- Research article
- Open Access
Variants in clopidogrel-relevant genes and early neurological deterioration in ischemic stroke patients receiving clopidogrel
BMC Neurology volume 20, Article number: 159 (2020)
Early neurological deterioration (END) is common in acute ischemic stroke (IS). However, the underlying mechanisms for END are unclear. The aim of this study was to evaluate the associations of 16 variants in clopidogrel-relevant genes and interactions among these variants with END in acute IS patients receiving clopidogrel treatment.
We consecutively enrolled 375 acute IS patients between June 2014 and January 2015. Platelet aggregation was measured on admission and after the 7–10 days of clopidogrel treatment. The 16 variants in clopidogrel-relevant genes were examined using mass spectrometry. The primary outcome was END within the 10 days of admission. Gene-gene interactions were analyzed by generalized multifactor dimensionality reduction (GMDR) methods.
Among the 375 patients, 95 (25.3%) patients developed END within the first 10 days of admission. Among the 16 variants, only CYP2C19*2 (rs4244285) AA/AG was associated with END using single-locus analytical approach. GMDR analysis revealed that there was a synergistic effect of gene-gene interactions among CYP2C19*2 rs4244285, P2Y12 rs16863323, and GPIIIa rs2317676 on the risk for END. The high-risk interactions among the three variants were associated with the higher platelet aggregation and independent predictor for END after adjusting for the covariates (hazard ratio: 2.82; 95% confidence interval: 1.36–7.76; P = 0.003).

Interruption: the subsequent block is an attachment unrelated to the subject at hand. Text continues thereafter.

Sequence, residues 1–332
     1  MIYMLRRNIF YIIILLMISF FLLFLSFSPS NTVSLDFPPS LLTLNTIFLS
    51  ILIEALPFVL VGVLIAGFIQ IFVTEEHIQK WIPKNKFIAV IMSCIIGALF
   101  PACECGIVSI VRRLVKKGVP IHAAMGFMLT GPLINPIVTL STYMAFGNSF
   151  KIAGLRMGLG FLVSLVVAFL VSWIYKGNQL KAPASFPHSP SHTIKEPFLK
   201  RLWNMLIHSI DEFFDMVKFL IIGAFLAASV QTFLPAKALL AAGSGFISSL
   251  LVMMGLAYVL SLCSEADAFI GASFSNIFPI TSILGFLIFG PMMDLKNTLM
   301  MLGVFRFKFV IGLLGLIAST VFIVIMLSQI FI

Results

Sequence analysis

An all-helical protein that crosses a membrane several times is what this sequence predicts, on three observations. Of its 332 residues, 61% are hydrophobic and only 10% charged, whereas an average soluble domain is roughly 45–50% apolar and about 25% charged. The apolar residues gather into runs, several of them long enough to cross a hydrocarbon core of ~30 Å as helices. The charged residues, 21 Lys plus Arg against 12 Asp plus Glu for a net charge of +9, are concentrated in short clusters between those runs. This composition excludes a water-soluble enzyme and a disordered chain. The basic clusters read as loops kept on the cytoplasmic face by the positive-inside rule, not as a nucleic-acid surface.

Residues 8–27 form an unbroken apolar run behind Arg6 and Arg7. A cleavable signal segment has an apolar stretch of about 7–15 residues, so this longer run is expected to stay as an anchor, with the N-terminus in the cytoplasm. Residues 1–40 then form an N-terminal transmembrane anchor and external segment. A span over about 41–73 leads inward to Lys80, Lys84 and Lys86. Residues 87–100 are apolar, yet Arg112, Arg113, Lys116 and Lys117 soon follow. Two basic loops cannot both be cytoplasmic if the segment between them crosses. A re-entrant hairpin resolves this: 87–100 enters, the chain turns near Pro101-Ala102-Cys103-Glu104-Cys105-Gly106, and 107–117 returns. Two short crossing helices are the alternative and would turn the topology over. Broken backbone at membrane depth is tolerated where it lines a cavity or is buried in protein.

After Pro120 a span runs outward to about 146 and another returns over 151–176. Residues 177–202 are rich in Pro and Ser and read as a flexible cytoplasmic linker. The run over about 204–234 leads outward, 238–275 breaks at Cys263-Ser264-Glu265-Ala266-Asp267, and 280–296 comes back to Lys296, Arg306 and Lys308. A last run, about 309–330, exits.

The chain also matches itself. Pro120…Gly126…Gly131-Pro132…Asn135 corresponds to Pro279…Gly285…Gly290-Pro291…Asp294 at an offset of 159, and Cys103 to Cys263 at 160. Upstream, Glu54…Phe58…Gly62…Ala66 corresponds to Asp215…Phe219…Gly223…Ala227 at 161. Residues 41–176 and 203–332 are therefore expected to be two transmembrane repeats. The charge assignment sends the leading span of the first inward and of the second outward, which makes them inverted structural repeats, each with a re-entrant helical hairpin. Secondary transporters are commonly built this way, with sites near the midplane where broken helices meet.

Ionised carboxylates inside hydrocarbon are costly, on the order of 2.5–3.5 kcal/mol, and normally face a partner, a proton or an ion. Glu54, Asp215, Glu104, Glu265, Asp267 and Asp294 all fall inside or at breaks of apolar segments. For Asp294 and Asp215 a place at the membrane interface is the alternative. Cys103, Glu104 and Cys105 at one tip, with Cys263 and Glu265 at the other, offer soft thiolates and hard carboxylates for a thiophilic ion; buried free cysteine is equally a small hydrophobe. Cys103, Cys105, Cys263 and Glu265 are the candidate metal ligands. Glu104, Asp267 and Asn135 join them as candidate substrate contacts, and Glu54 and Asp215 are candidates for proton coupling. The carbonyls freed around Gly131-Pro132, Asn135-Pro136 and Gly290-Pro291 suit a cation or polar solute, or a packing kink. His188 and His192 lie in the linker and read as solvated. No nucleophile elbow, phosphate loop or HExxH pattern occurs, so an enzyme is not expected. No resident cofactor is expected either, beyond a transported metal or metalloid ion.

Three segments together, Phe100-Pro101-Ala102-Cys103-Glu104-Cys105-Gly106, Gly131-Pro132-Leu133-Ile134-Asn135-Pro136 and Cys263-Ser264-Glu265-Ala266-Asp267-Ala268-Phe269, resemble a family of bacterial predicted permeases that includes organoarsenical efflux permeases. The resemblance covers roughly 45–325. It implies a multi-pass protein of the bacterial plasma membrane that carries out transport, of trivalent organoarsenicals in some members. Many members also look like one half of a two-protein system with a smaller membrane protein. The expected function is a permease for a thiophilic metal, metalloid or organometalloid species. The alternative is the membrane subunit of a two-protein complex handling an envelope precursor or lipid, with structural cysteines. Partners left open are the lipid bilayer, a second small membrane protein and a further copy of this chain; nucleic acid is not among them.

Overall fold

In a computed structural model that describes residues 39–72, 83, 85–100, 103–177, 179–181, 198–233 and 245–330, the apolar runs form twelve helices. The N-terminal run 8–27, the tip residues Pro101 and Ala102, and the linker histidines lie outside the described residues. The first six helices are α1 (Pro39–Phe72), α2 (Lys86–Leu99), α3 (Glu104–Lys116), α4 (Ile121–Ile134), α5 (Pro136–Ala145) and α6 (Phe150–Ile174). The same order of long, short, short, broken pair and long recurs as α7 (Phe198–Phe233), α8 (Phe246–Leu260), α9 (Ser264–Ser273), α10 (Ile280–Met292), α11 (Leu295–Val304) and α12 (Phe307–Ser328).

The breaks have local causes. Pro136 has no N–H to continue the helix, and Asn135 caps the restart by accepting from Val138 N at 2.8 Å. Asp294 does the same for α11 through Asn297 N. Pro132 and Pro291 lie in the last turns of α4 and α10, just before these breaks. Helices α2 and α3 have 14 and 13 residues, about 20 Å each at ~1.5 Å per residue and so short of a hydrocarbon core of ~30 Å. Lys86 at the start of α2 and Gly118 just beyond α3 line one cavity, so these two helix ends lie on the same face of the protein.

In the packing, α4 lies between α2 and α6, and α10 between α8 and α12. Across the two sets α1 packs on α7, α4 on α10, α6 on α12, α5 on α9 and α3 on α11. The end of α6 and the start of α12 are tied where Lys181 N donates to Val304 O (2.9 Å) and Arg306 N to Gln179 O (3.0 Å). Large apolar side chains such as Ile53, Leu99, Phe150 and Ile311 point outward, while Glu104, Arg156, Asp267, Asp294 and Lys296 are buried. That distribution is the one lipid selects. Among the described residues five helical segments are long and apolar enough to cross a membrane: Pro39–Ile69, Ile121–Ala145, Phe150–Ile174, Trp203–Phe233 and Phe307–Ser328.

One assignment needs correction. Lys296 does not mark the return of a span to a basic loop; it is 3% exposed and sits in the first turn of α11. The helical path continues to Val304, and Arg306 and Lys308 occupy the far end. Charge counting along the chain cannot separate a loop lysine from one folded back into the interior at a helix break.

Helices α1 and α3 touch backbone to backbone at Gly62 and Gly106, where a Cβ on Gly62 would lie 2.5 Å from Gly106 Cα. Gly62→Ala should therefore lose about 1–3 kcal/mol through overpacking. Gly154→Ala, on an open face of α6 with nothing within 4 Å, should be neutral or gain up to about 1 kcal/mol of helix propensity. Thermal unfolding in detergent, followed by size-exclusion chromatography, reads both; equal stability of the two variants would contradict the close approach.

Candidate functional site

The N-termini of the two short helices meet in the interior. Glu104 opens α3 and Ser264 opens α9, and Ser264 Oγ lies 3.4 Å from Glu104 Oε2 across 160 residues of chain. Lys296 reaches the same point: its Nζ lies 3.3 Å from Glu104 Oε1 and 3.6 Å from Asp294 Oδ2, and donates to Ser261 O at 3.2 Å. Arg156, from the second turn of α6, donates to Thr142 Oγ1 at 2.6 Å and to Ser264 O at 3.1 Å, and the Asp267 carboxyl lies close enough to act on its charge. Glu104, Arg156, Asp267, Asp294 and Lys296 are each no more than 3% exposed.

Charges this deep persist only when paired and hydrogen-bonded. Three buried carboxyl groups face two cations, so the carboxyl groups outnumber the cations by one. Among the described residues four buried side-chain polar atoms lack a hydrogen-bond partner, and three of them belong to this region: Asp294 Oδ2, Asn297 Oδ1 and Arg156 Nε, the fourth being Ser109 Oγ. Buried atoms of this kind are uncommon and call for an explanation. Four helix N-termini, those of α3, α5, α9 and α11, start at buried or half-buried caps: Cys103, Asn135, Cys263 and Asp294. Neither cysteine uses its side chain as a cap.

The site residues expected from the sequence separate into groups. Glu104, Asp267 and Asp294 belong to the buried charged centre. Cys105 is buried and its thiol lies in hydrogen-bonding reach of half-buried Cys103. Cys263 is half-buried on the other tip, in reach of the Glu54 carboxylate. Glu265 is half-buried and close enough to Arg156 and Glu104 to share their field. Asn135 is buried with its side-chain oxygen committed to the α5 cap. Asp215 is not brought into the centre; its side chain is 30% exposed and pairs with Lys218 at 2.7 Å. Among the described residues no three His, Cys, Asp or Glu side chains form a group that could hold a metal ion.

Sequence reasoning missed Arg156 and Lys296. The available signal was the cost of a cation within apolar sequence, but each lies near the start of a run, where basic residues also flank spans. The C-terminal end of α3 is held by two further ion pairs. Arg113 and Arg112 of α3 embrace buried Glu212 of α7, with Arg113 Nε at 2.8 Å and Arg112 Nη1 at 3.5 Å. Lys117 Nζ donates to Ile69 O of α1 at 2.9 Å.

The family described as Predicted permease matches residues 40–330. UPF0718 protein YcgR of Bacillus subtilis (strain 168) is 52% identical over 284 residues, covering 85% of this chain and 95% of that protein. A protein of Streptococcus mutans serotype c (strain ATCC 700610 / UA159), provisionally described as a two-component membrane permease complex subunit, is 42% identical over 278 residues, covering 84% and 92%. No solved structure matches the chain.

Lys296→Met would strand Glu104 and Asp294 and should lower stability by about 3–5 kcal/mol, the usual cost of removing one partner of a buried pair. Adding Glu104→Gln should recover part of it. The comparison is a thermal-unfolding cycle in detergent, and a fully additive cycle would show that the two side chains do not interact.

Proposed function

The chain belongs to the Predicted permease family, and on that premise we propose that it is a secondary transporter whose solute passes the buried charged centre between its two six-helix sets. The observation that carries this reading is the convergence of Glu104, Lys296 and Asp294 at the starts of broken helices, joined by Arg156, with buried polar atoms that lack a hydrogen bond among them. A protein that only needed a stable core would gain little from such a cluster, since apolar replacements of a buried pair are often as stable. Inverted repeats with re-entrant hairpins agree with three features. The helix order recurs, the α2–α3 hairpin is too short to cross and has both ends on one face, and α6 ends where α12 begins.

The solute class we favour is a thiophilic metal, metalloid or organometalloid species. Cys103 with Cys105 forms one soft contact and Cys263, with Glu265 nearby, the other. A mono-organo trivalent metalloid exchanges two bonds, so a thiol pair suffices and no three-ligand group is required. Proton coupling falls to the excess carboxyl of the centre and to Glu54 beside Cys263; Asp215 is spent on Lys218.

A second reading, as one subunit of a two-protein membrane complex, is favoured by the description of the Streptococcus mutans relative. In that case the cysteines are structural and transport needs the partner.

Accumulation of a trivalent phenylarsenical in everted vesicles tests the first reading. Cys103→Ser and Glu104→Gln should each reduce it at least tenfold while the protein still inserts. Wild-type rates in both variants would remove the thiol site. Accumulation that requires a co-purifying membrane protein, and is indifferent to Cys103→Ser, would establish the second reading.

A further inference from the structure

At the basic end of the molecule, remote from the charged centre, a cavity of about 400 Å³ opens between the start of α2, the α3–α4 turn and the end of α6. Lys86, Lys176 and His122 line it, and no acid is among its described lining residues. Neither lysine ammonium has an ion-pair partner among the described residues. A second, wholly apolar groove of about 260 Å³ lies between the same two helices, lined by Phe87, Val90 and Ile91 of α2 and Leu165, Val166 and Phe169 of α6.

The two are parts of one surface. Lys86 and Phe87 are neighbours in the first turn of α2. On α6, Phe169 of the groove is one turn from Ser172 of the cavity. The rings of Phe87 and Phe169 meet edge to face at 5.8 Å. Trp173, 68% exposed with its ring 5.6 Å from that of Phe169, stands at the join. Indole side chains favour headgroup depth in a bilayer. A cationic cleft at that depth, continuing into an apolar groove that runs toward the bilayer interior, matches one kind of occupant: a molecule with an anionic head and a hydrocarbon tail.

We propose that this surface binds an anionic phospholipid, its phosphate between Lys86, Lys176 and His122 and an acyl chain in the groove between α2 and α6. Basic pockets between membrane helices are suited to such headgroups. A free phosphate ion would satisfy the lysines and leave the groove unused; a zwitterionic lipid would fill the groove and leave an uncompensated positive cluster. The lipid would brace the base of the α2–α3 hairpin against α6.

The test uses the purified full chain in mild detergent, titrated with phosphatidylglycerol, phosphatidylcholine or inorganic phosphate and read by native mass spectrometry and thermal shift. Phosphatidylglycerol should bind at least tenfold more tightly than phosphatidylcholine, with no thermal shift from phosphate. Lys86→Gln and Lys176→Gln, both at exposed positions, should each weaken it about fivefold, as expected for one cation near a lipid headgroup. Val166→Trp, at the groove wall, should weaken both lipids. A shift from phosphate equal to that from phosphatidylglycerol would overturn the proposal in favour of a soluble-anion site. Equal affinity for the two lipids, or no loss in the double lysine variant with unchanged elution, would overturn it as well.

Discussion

END is very common in patients with acute IS. The mechanisms leading to END are most likely multifactorial. Interactions among CYP2C19*2 rs4244285, P2Y12 rs16863323, and GPIIIa rs2317676 may confer a higher risk for END. It was very important to modify clopidogrel therapy for the patients carrying the high-risk interactive genotypes.
Clinical trial registration information
Stroke is one of the leading causes of adult death and disability [1, 2]. The incidence of early neurological deterioration (END) is very high in patients with an acute ischemic stroke (IS) , and END is associated with increased mortality and morbidity [3,4,5,6]. It is very vital to understand the mechanisms of END for preventing END in clinic. Although various factors are associated with END risk [7, 8], the underlying mechanisms of END are not fully clear.
Platelet activation plays a vital role in the pathophysiology of IS [9, 10]. Antiplatelet treatment is recommended after IS . Compared with aspirin, clopidogrel was more effective in reducing the vascular events in patients with atherosclerotic disease . However, a proportion of patients receiving clopidogrel have clopidogrel resistance (CR) . The IS patients with CR have an increased risk of recurrent ischemic stroke (RIS) or other vascular events [14,15,16].
Clopidogrel requires intestinal absorption, metabolic activation in liver, blocks adenosine diphosphate (ADP) binding to platelet P2Y12 receptor in platelet, prevents activation of glycoprotein GPIIb/IIIa complex, which is required for platelet activation . Clopidogrel sensitivity or CR was affected by genetic polymorphisms of clopidogrel absorption, metabolic activation, P2Y12 receptor, and glycoprotein IIIa [16, 18]. Previous results have shown that variants of these clopidogrel-relevant genes and these interactions are independently associated with CR and RIS in IS patients receiving clopidogrel [16, 19,20,21]. Our recent studies revealed that CR and CYP2C19*2 reduced-function alleles were associated with the higher risk for END, and dual antiplatelet therapy could reduce the risk for END in IS patients carrying CYP2C19*2 reduced-function alleles [22, 23]. However, the association between other variants in clopidogrel-relevant genes and END remains to be determined.